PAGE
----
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Kim Mitchell, welcome to the neighbourhood

Canadian Rock legend, who’s helping kick off Rock The Kootenays in Cranbrook, talks about his Rock and Roll Duty, and the guitar
Kim Mitchell headlines Friday, Aug. 11, at Rocking the Kootenays Festival in Cranbrook. (Al Pettman photo)

For Kim Mitchell, Canada is a small, familiar place. And the rock legend is on the road, heading west to rock the neighbourhood

Mitchell is taking the stage with the band in Cranbrook on Friday, Aug. 11, kicking off the inaugural Rock the Kootenays Classic Rock Festival at Western Financial Place. Opening up on Friday are Helix and the Headpins. Lee Aaron, Harlequin, Prism,Tom Cochrane, Teaze, Streetheart, Honeymoon Suite and April Wine are all on the bill for the weekend.

We reached Mitchell by phone at his home in Toronto, the day before he was to depart for points west, Penticton’s Peachfest, then Cranbrook. After some talk of the weather, Mitchell talked about his love of playing live, his stellar career in music, and his guitar.

Mitchell has been a defining force in Canadian Rock music, with his band Max Webster in the ’70s and a hit-making solo career in subsequent years. His songs, (occasionally written with others like poet Pye Dubois) can seem to come out of left field, yet spoke to a generation and soundtracked their lives. His guitar sound — from roaring, crunchy chords, fluid, melodic, modal solos, and daemonic rhythms, can rock hard or segue into balladeering.

But it’s all about the show —playing live is his “rock and roll duty,” as he’s put it in song — and concerts that have made Canada such a familiar, friendly place for Mitchell.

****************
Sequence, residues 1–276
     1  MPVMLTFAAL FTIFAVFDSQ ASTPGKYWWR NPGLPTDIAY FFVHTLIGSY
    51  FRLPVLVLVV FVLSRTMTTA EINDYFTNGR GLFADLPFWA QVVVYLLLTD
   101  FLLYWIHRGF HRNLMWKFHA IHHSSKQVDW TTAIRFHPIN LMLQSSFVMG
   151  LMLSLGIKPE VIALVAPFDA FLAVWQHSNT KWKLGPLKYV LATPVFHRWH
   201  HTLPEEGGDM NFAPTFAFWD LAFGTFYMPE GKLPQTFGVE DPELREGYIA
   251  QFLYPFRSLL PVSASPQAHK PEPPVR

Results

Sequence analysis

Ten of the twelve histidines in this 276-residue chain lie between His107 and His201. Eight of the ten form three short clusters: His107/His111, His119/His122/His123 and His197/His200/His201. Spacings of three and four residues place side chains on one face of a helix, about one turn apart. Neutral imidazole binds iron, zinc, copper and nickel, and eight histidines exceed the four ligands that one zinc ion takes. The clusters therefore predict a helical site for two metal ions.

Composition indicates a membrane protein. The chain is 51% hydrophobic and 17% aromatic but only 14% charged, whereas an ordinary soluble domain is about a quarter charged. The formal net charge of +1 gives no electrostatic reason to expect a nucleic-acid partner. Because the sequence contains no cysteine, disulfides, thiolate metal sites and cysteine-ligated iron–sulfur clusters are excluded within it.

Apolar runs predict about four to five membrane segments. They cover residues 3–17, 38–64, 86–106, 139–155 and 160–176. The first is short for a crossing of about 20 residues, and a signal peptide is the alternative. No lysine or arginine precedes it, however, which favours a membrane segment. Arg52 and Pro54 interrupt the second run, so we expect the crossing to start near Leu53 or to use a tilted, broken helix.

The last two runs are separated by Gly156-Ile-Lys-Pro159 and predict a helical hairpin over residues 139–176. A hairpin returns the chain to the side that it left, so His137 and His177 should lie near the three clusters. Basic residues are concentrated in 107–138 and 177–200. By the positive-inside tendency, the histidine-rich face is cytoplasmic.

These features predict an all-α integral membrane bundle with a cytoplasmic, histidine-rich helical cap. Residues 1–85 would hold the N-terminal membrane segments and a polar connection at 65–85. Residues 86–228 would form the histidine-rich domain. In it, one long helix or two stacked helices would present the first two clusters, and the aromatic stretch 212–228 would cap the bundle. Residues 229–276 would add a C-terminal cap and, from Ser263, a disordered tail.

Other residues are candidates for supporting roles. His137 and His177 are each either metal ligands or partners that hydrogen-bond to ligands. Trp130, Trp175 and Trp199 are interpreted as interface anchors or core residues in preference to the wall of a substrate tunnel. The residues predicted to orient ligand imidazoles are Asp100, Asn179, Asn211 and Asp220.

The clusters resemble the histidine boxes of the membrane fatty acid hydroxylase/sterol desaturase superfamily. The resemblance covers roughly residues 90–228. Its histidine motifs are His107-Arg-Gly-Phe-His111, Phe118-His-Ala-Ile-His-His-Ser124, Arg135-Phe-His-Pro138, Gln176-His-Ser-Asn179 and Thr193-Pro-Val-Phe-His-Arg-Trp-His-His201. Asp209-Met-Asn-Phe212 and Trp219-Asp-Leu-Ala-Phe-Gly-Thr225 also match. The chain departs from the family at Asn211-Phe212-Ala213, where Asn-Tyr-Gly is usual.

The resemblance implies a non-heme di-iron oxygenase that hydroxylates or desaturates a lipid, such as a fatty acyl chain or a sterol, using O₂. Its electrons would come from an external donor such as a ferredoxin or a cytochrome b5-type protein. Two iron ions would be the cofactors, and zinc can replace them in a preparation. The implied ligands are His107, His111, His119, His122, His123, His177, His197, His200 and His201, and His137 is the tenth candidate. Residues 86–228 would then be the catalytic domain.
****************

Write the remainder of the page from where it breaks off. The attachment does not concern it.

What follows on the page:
“I like to word it as ‘It’s a really big neigbourhood I live in.’ That’s how I see it. Whether I’m going to Cranbrook or Penticton or Saskatoon or Moncton — sure, you say, going to the Maritimes, or going west, but it doesn’t feel that way to me. It feels like one big neighbourhood to me.”

It’s a neighbourhood full of music loving friends, waiting to welcome him wherever he goes. Mitchell still gets that buzz from the synergy between audience and musician.

“If I didn’t get that, what’s the point of leaving the house, really, as a musician. I encourage all musicians to get together and play with other musicians, and transmit that musical energy out towards an audience. That’s really what our job is. It doesn’t matter what you believe politically, religiously, or what side of the room you’re on; we get on stage and we spread good vibes. That’s what we try to do.

“It’s as simple as that. When I look back and reflect on what I did for a living, I feel so fortunate that I’ve been able to rock out like that.

“Back in the day, when I moved to Toronto at age 17, quit school, I thought maybe I’d do this til I was 30, maybe 40. But it’s just kept going on and going.”

Launching a career as a professional musician as a teenager, you got to go where the music is playing loudest, so to speak. In the late ’60s, Toronto was one of the musical hotspots in the continent (still is). A Mecca for a young man with a guitar.